Visual Arts Senior Puts Education in Action in Community Exhibitions, Festivals

April 5, 2024 | Arts, News, Student Success, UToday, Alumni, Arts and Letters
By Nicki Gorny

Lydia Myrick dreams of one day running her own art gallery.

But Myrick, a senior majoring in visual arts with an art history minor and art museum practices concentration at The University of Toledo, isn’t one to wait around. Her impressive resume so far identifies her as curator of a pop-up exhibition Beyond the Gallows: A Journey to Abolish Capital Punishment at River House Arts in 2023, organizer of the Heirs of Art Festival in Toledo in 2022 and 2023 and co-curator of a digital exhibition Out of the Dark: A Historic Journey at the Toledo Museum of Art in 2021.

Lydia Myrick, a visual arts seniorShe and her classmates are now preparing to stage an exhibition at the Toledo Museum of Art opening in Gallery 6 on Saturday, April 6. “Generational Echoes: Power, Privilege, and the Transmission of Knowledge” is curated using works from the museum’s permanent collection, a process the students undertook in consecutive art history classes that began in the fall and a studio course this semester.

“I’m excited to share it with everyone,” Myrick said. “It’s been so cool to check out these archived works this year, and I think what we’ve chosen will resonate with a wide range of audiences.”

The courses that are culminating in the exhibition are two of three required for her degree concentration art museum practices, which places equal emphasis on the discipline of art history and its practical applications in arts institutions such as museums, galleries and auction houses. The coursework challenges students to conceive of and curate an exhibition under the direction of museum staff and Dr. Thor Mednick, a professor in the Department of Art at UToledo.

An internship is another requirement of the art museum practices concentration. Mednick has arranged professional experiences for students around the world, including in Seattle and Poznań, Poland. Myrick has been acting as executive assistant for an ongoing collaboration between Mednick and a colleague at the University of Tennesse at Chattanooga, who are developing an exhibition in which artists from the Virgin Islands create new works responding to the colonial history of the Islands.

“Lydia’s work ethic is tireless, and her energy is boundless,” Mednick said. “She is driven by a profound sense of social and cultural responsibility, and there is no question that she has the means to live up to those demands. She is destined to be a transformative figure for her field, and it is a singular privilege to work with her.”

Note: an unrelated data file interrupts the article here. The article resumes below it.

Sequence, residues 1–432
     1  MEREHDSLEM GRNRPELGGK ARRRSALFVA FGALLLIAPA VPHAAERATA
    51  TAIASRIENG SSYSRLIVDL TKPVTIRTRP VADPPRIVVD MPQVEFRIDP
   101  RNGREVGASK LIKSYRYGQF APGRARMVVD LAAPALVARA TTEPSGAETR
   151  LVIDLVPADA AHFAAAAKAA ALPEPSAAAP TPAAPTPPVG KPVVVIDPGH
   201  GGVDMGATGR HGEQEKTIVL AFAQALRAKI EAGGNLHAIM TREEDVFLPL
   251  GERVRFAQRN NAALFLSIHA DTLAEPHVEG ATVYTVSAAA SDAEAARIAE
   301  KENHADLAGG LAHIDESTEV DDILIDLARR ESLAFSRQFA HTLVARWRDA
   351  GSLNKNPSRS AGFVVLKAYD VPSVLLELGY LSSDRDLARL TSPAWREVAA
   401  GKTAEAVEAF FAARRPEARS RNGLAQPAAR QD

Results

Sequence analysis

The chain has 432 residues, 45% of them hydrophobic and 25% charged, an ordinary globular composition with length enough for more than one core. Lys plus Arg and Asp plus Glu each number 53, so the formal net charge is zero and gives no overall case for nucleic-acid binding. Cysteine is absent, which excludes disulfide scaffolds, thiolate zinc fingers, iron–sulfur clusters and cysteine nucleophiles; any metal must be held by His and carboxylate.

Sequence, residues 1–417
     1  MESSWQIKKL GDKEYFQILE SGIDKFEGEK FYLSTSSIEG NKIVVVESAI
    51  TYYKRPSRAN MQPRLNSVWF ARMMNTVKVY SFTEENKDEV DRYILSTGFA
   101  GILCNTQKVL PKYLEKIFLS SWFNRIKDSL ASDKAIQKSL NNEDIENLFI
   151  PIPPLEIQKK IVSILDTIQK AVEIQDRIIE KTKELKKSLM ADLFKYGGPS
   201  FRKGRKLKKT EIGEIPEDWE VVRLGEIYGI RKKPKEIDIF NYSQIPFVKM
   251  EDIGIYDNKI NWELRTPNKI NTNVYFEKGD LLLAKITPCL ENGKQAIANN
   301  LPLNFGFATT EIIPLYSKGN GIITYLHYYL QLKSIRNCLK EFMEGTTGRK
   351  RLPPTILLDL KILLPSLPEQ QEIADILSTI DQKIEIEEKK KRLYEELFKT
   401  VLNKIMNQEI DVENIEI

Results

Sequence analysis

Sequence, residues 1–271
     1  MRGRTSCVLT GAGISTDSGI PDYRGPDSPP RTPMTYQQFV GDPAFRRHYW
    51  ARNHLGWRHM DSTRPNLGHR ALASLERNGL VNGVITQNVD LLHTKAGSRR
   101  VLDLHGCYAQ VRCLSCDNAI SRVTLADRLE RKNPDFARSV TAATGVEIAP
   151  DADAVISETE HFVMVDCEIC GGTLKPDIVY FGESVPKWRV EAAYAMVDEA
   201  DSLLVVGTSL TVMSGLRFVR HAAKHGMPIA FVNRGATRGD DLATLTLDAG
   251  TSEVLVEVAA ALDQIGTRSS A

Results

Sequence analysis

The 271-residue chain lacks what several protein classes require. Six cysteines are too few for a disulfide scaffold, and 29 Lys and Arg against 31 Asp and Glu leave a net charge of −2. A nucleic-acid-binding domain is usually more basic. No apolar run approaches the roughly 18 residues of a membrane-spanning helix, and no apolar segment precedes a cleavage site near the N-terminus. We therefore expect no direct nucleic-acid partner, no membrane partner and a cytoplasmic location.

Myrick has long expressed herself through the arts, and as a teenager she explored interests in fashion design, dance and music at the Toledo School for the Arts. When she followed the scholarship incentive program Toledo Excel to UToledo in 2020, she found her home in the Center for Visual Arts, the Frank O. Gehry-designed facility that’s adjacent to the Toledo Museum of Art.

“I love taking classes here,” Myrick said. “There’s such a community. I’ve developed relationships with the students and the staff and professors. Everyone is super cool, and the campus is really pretty.”

Myrick’s commitments outside of her courses speak to her belief in the power of art as a tool for activism. She’s a founding member and current secretary of the Toledo Black Artist Coalition, which came together in 2020. Its vision is to provide resources and education in the community “while holding entities accountable to representation, transparency, and equity.”

The coalition has organized numerous exhibitions and events since 2020, including the digital exhibition Out of the Dark: A Historic Journey at the Toledo Museum of Art in 2021.

Myrick herself organized the Heirs of Art Festival in 2022 and 2023, “showcasing only Black art, Black businesses and Black culture,” she said. Instead of a third iteration in 2024, Myrick is organizing an anti-violence art festival, TVF: Uniting Against Violence, in June.

And she curated Beyond the Gallows: A Journey to Abolish Capital Punishment as an intern with Ohioans to Stop Executions in 2023.

“We showcased art from a wide variety of sources, including an inmate who is currently on death row in Ohio,” she said. “I got to meet a lot of different people from a lot of different walks of life, and I learned that many people are still uneducated about the death penalty. So it was really cool to share information by curating a gallery at the River House Arts.”

She’s looking forward to her next endeavor in “Generational Echoes” beginning Saturday.

Then she plans to continue her education with a master’s in art history, with that art gallery of her own still in her sights.



Click to access the login or register cheese